Say It Ain’t So, Lefty!

Phil Mickelson“Lefty” is my golfing hero. If I were to sit next to him when we were flying coach from Greensboro to Buffalo, I would tell him so. Hell, I would move from the aisle seat to the middle seat just to show him what a fan I am. Not likely he’d be sitting next to me; he owns a Gulfstream V that costs about $40 million exclusive of the peanuts.

Most of us hear the name of “Phil Mickelson,” and we think about how lucky some guys can get. He has been on the professional circuit since the early 1990s. He usually finishes in the money; high up in the money. He seems to have a great family life (I don’t get invested in idiotic rumors — it’s unethical) and he is a veritable endorsement machine.

Even if you think golf is the biggest waste of time human-kind has ever created, chances are you’ve still seen Mickelson on a TV commercial. Worried he can’t afford the “Jet-A” for his jet? In 2011 alone he earned more than $62 million dollars; $53 million of it came from endorsements. He won’t be stretching his meal with Hamburger Helper tonight.

“Lefty” Likes his Gambling

If you wanted Phil Mickelson to become crowned the next king or elevated to sainthood, it’s not going to happen. He likes his gambling vices. He is legendary for betting his peers big money in the practice rounds before tournaments. I have read that some of them do not like it. He also likes his football action.

However, there is gambling and then there is Gambling. It’s not the amount of money gambled, but it is the “how” of it all. That is where I might throw in my two cents were I to bump into him while we were waiting at the rental car counter for our economy cars. I would tell him how precious and irreplaceable a good reputation can be.

In a story for NBC Golf by Nick Menta (June 29, 2015) entitled: “Report: Mickelson tied to illegal gambling case,” we learn:

“Phil Mickelson wired nearly $3 million to an intermediary who was part of ‘an illegal gambling operation’ which accepted and placed bets on sporting events…the report states that Mickelson has not been charged with a crime and is not under investigation, but that $2.75 million worth of his money was transferred to an individual, Greg Silveira, who has since pleaded guilty to three counts of money laundering.”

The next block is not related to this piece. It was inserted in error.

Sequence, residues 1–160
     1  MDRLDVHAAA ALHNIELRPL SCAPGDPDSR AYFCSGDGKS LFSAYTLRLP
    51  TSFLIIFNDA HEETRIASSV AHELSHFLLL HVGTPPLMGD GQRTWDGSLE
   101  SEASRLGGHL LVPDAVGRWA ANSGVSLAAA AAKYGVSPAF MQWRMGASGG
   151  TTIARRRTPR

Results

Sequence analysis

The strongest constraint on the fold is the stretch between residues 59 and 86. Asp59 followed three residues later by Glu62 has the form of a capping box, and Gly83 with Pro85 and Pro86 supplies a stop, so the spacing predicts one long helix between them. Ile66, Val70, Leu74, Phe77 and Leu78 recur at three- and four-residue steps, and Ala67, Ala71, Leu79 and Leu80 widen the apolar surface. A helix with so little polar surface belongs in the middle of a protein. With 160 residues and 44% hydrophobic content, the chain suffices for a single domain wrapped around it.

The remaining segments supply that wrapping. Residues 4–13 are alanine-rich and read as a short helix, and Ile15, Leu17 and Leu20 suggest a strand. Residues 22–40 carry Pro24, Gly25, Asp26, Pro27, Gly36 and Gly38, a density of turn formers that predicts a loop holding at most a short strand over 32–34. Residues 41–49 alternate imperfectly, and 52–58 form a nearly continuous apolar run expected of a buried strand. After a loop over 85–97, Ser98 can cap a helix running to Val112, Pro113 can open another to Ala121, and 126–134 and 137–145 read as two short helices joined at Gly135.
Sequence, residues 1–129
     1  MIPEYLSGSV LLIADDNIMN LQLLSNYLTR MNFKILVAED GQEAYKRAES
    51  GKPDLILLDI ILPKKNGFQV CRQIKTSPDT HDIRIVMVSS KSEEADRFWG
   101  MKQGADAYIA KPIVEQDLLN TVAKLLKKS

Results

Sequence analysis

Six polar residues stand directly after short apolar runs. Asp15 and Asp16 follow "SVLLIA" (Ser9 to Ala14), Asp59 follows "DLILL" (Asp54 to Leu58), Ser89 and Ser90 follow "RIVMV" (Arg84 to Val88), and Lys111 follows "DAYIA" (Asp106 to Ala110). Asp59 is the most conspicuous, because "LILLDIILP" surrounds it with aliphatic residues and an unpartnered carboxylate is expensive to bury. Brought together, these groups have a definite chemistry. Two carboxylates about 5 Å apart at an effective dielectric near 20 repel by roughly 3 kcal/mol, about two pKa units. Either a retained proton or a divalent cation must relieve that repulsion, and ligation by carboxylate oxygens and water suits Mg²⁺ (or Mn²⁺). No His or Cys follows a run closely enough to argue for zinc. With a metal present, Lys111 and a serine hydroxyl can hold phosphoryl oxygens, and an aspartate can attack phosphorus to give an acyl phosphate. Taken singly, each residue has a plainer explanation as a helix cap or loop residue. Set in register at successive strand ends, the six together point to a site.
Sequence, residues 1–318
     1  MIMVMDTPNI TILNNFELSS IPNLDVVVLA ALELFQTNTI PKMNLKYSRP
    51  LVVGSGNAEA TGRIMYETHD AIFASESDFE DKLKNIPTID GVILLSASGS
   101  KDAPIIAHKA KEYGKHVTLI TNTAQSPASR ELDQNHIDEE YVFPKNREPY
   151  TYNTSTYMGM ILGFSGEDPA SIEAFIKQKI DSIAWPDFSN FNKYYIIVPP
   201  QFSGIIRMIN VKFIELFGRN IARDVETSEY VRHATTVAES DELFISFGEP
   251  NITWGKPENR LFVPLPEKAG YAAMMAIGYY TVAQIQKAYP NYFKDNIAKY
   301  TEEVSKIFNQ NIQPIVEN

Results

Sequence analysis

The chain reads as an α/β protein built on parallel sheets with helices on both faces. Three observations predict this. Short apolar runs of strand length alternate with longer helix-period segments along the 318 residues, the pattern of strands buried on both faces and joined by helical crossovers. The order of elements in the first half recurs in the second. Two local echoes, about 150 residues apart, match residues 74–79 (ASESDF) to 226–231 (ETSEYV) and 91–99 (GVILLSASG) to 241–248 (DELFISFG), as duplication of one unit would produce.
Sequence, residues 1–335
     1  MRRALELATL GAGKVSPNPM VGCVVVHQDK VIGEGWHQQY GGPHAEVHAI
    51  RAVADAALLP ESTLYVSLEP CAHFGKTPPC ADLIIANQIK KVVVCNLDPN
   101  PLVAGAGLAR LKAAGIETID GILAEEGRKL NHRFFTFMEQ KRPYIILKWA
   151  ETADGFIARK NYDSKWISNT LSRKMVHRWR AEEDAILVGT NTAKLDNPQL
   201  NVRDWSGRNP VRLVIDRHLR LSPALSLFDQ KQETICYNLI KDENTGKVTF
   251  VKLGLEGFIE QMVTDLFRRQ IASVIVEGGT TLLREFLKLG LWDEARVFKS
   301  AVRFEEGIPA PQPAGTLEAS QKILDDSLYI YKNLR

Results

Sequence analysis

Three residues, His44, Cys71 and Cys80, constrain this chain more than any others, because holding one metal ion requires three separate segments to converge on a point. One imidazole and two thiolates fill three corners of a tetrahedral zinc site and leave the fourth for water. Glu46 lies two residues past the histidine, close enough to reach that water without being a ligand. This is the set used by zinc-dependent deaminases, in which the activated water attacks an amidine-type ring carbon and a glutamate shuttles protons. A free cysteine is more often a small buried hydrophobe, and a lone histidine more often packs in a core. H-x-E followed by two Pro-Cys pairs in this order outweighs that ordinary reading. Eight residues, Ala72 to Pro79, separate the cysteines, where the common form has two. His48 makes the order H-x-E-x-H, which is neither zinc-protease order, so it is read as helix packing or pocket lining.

This is where we go from smack and side bets, to something of a more serious nature.

If you have heard of the term “money laundering” but were unsure of what it meant (and I am guilty of greatly simplifying), it means you take funds that you illegally gained, and through a series of razzle dazzle accounting maneuvers they come out looking as honestly earned as newly fallen snow.

What makes money “dirty” in the first place? It is how it is derived; for example, money from untaxed gambling or drugs or a theft or a business accumulating a large amount of cash that was never reported for taxes.

Sometimes the dirty money is put or kept “off-shore,” the Bahamas or Bermuda or Switzerland, perhaps; where the rules are relaxed. If I go to Las Vegas and I win $1 million on a nickel machine, I must pay taxes on it. If I bet $3 million off-shore and make millions in winnings, I may get away with not paying taxes to anyone.

No charges and no crime

The article points out that Mickelson was not named in the official court documents, and Mickelson claims to have never heard of the illegal gambling operation, though all inquiries about the incident are now routed through his lawyers who still have nothing to say. To quote from the article:

“The closest Silveira allegedly came to naming Mickelson, was in his initial plea agreement, which included a note in his book that said: ‘money laundering of funds from P.M.’”

In addition, and again quoting Menta’s piece:

“ESPN’s legal analyst Lester Munson explains that the likely reason Mickelson hasn’t been charged is that ‘federal gambling laws are directed at gambling enterprises and not at individual bettors.’” It’s not that Mickelson’s $2.75 million gambling investment is small potatoes to the government, it’s only that they are after the people who cultivate the whole potato farm.

In the past Mickelson has also been associated with insider stock trading. He got off, but not before his sterling reputation received a few scratches and dents.

What is a person’s greatest asset?

Whether you are a high school golf coach, a club pro or the guy who fixes the electric golf carts, your greatest asset is a good reputation. It is a rock solid, foundational element of sports ethics. Years after a man or woman stops playing a sport, what will be remembered is their reputation.

No one is stupid here. All of the fingers allegedly point to the “P.M.” in Silveira’s sports book as being Phil Mickelson. For a man who makes a huge income from endorsements, risking a reputation is extremely foolhardy.

Why would a person “with all of the money in the world” want to play the money laundering game? Well, we know that gambling is a potent addiction; so is winning. It is power; it is being in command of the very odds of life. Except, of course, we never really are. The more addictive and thrill seeking a pursuit, the more a person is willing to risk. You can lose your money, but a loss of reputation is another matter. At some point, a person can take a stupid risk for which an easy return is not possible. I know this last bit of information with absolute certainty.

If P.M. and I were able to talk over the free breakfast at the hotel, I would tell him to not screw around with his reputation. No, I would tell him to knock it off. There are far too many of us who respect him.

Chuck Gallagher, Sports Ethics LLC

(828) 244-1400




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